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Posts Tagged ‘Internal Revenue Code’

In a previous blog post, I showed a cartoon joking about Obamacare as a Trojan Horse for the IRS, but with each passing day we are learning new – and always unpleasant – details about the mammoth legislation that was imposed by the left. The excerpt below from the Boston Globe reveals that businesses will face costly new reporting requirements to the internal revenue service because of government-run healthcare:

Tucked away in just 23 lines of Section 9006 of the Healthcare reform bill be a dramatic change in the 1099 reporting requirements.  No longer will corporations or payments for merchandise be exempt 1099 reporting.  This new law is effective January 1, 2012.  A large majority of payments made by a business will now be reported on a 1099.  …There is no doubt this will be an administrative nightmare for many businesses in the first year or two.  Taxpayer identification numbers need to be collected for all vendors.  Have a large business related meal at a restaurant, this will need to be reported on a 1099.  Spend a week in a hotel in Waco Texas, you will need to send a 1099.

My Cato colleague has more details in one of his recent blog posts.

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This would be much more enjoyable if it weren’t true.

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Being an American citizen is an honor in many ways, but it is a huge millstone around the neck for highly successful investors and entrepreneurs because of an oppressive and complex tax system. This is particularly true for those based in and/or competing in global markets. Indeed, because the tax system (and regulatory system) is so onerous and because it is expected to get far worse in the future, a growing number of Americans are actually giving up citizenship and “voting with their feet.” The politicians view these people as “tax traitors” and are trying to erect higher barriers to hinder economic migration, particularly in the form of confiscatory “exit taxes” that are disturbingly reminiscent of the totalitarian practices of some of the world’s most unsavory regimes. The Wall Street Journal recently reported on this issue:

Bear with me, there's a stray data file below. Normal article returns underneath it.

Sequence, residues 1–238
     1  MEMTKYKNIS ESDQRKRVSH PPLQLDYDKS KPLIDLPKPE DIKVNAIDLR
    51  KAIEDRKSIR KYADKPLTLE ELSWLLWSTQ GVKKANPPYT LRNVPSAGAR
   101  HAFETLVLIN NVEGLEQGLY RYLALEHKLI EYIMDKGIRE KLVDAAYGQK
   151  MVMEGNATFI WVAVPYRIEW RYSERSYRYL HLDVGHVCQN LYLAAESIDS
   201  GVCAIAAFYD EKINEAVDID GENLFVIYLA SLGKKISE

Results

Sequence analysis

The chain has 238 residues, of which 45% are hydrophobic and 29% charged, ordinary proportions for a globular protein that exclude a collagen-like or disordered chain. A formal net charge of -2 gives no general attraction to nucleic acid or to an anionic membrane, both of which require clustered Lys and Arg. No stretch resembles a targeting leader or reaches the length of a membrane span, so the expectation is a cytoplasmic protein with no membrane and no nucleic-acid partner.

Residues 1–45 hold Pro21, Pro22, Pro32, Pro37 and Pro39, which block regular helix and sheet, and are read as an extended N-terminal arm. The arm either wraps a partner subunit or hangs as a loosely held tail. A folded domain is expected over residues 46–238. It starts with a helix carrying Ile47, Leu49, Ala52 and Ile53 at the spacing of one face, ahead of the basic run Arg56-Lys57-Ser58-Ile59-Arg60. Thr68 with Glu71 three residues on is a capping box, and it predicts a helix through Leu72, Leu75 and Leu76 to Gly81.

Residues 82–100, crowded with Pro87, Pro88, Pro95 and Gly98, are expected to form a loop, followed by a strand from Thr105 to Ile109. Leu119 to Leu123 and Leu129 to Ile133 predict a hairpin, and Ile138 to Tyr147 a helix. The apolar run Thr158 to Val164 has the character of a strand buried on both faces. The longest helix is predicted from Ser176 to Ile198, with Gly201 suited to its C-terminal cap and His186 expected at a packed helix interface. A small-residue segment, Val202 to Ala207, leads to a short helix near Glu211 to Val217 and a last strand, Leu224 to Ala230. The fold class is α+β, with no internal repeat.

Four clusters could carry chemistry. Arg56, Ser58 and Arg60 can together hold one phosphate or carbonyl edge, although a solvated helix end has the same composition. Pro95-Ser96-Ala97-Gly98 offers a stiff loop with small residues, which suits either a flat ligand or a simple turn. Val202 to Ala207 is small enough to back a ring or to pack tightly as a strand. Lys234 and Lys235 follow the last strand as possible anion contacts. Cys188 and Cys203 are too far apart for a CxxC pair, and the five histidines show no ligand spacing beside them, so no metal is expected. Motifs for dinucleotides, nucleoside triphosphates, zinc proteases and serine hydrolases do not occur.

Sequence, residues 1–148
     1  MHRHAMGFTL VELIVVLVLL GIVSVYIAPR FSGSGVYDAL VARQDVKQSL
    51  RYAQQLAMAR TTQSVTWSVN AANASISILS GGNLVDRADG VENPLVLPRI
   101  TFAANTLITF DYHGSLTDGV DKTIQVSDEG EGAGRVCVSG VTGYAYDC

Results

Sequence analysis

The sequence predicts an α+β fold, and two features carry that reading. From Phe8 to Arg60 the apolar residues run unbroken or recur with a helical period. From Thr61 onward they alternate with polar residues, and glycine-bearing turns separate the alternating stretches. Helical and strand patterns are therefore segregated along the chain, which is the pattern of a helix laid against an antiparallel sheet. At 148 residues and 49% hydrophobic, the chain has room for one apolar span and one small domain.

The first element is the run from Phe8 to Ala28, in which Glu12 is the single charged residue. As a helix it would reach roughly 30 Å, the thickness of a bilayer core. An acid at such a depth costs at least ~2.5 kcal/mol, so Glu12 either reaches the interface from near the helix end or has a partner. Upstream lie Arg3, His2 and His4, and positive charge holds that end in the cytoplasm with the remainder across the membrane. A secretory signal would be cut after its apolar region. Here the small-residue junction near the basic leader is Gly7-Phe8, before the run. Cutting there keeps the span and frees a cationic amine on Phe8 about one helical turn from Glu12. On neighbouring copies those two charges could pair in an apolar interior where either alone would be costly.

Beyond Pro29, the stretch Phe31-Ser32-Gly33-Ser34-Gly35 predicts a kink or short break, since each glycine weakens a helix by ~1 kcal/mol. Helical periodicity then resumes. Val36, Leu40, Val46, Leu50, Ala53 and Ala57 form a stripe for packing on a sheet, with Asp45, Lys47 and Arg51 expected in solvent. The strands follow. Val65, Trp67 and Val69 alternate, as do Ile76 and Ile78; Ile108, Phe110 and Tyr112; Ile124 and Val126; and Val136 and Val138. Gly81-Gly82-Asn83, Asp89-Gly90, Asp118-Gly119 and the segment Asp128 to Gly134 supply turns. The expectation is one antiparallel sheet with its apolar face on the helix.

The number of American citizens and green-card holders severing their ties with the U.S. soared in the latter part of 2009, amid looming U.S. tax increases and a more aggressive posture by the Internal Revenue Service toward Americans living overseas. According to public records, just over 500 people world-wide renounced U.S. citizenship or permanent residency in the fourth quarter of 2009, the most recent period for which data are available. That is more people than have cut ties with the U.S. during all of 2007, and more than double the total expatriations in 2008. An Ohio-born entrepreneur, now based in Switzerland, told Dow Jones he is considering turning in his U.S. passport. Mounting U.S. tax and reporting requirements are making potential business partners hesitate to do business with him, he said. “I still do dearly love the U.S., and renouncing my citizenship is not something I take lightly. But more and more it is seeming like being part of a dysfunctional family,” said the businessman, who asked that his name not be used for fear of retribution. “The tax itself is only a small part of the issue,” the Swiss-based entrepreneur said. “It’s the overall regulatory environment.” …”Fifteen or 20 years ago there was a big rush to make sure your kids became U.S. citizens, for access to U.S. schools for example,” said Timothy Burns, a tax lawyer at Withers law firm in Hong Kong. “Now we’re seeing just the opposite.” Last month, the Treasury Department announced more rigorous requirements for Americans living abroad to report information on foreign bank accounts. The reporting requirement has been in place for years, but only in the most recent couple of years has the IRS gotten tough about enforcing penalties. …Others are giving up their U.S. nationality to avoid tax increases in the U.S., as the government struggles under huge budget deficits. The top marginal tax rate is set to rise to 39.6% from 35% at the end of this year. A proposal to tax fund manager pay at ordinary income rates, instead of the 15% capital gains rate, is gaining currency in Congress. “Everybody sees the tax rates are going up. At a certain point, it gets beyond people’s pain threshold,” said Anthony Tong, a tax partner at accounting firm PricewaterhouseCoopers in Hong Kong. Unlike most jurisdictions, the U.S. taxes the income of citizens and green-card holders no matter where in the world it is earned.